Thursday, January 31, 2008

Layoffs at Channel 2; weekend news broadcasts axed

It was due to changing media environment, station GM says.

Brinton retires again, this time from Channel 4

The "Word on the Street" reporter tells The Nashville Scene he has no plans to go back into television.

Channel 5 owner will sell station

Landmark says a deal could come within a few months.

Friday, January 25, 2008

Dorsey to head communications for new Clement firm

Terri Dorsey, formerly of WSMV-Channel 4, will work for Clement & Associates, headed up by former U.S. Rep. (and Nashville mayoral candidate) Bob Clement.

'Tennessean' will no longer name juveniles until they're sent to adult court

Police reporter Kate Howard blogs on the change.

'DNJ' copy editor runs for Murfreesboro City Council

Jeffrey A. Weems is running for one of the three council seats on the April 15 ballot. Looks there are also three incumbents on the ballot.

UPDATE, posted Feb. 8: Mr. Weems doesn't work for the DNJ anymore.

Thursday, January 24, 2008

Being 'friends' with sources: A discussion topic

OK, fellow Middle Tennessee journalists, your faithful chapter Webmaster has a question to throw out to y’all to maybe get some discussion going. What do you think about “friending” – or more likely “being ‘friended’ by” – sources and people you cover?

If you don’t know what on earth we’re talking about, here’s an explainer. “Social networking” Web sites are all the rage these days – MySpace, Facebook, etc. – and they let you have online “friends” who keep up with your goings-on and communicate back and forth with you. The phenomenon has created its own verb form, “friending,” for the act of asking someone to be your online “friend.” (And the reverse is to “be friended by” another online user.)

Journalists are doing social networking, myself included (heck, and those of you in Middle Tennessee may have noticed that the revamped has its own system of online “friending”). So, I’m figuring that it’s just a matter of time before some well-meaning source somewhere in the USA sends a “friend” invitation to a journalist.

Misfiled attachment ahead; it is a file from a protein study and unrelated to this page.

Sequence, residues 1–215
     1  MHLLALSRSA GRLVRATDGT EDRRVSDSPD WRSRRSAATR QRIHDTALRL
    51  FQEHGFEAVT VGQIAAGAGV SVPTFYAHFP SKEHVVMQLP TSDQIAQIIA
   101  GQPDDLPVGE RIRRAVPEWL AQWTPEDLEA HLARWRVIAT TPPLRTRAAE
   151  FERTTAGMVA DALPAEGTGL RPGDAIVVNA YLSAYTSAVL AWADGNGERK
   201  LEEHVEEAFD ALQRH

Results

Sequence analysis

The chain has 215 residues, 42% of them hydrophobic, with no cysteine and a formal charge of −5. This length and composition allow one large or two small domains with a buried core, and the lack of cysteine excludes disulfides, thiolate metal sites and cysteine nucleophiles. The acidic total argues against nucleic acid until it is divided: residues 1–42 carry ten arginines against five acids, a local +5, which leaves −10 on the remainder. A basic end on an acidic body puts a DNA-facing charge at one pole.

If you’re that journalist, what do you do? (And if this has happened to you, what did you do?)

I’m old-fashioned, and my gut instinct is to say “you should politely decline. We cannot allow there to be friendship or a perception of friendship with sources.”

But is online “friending” the same as being friends with someone in real life? Will sources make that distinction? More importantly, will our readers/audiences make that distinction?

I’d been thinking about this for several weeks now. But I saw Michael Silence’s post yesterday on the Knoxville News Sentinel’s Web site – which picked up a snippet of a piece about journalists creating a “digital identity” – and thought I should post on the blog about it.

What are your thoughts?

Get ready for more chapter programs soon!

We forgot to mention in our recent post on the January luncheon that the Middle Tennessee Pro Chapter is planning more meetings this spring, including one in the works on the proposed federal shield law in March or April. We're also aiming at having an evening social function sometime between now and Memorial Day, Chapter President Milt Capps said. And the regional conference will be in New Orleans around the end of March. It'll be a joint regional with Region 8.

'Scene': Passel of staffers leave 'Tennessean'

The Nashville Scene's Matt Pulle writes about the recent departures of several staffers from the Tennessean newsroom. (Honest disclosure: I'm a Tennessean employee and worked with nearly all the people mentioned in the story. This blog has only about three readers, and all of them know that already, but I add that disclaimer just as a matter of principle.)

Tuesday, January 22, 2008

We're social bookmarking, y'all

We've got a new feature here at, everyone -- you can now social-bookmark our posts. See something you like? Add it to digg or whatever suits your tastes. Just click the little icon at the bottom of the post.

Sunday, January 20, 2008

Brewer calls for more coverage of executions

We had a great turnout last Thursday at Sunset Grill for the Middle Tennessee Pro Chapter’s first program of 2008, a luncheon with guest speaker and SPJ national president Clint Brewer.

The executive editor of The Nashville City Paper and former president of the Middle Tennessee Pro chapter, Brewer touted the important work the Society is doing, called on his fellow Tennessee journalists to provide more coverage of executions in the state prisons, and talked about the expansion, online and otherwise, of The City Paper.

He began by saying he’d just gotten back to Nashville from Fort Worth, where the SPJ chapter traditionally “brands” the new national president, presenting him with a cattle brand with his/her initials on it.

Brewer lauded the progress made in Congress of the proposed federal shield law, which has passed the House and the Senate Judiciary Committee, becoming successful “beyond the wildest dreams of a lot of people.”

“This is not a country where we need to be putting journalists in jail,” Brewer said.

The president also reported that SPJ recently made a $20,000 donation to the Chauncey Bailey Fund, which was created in honor of the Oakland Post editor who was killed by someone he was writing about.

Membership in the society is around the 9,000 mark, Brewer said.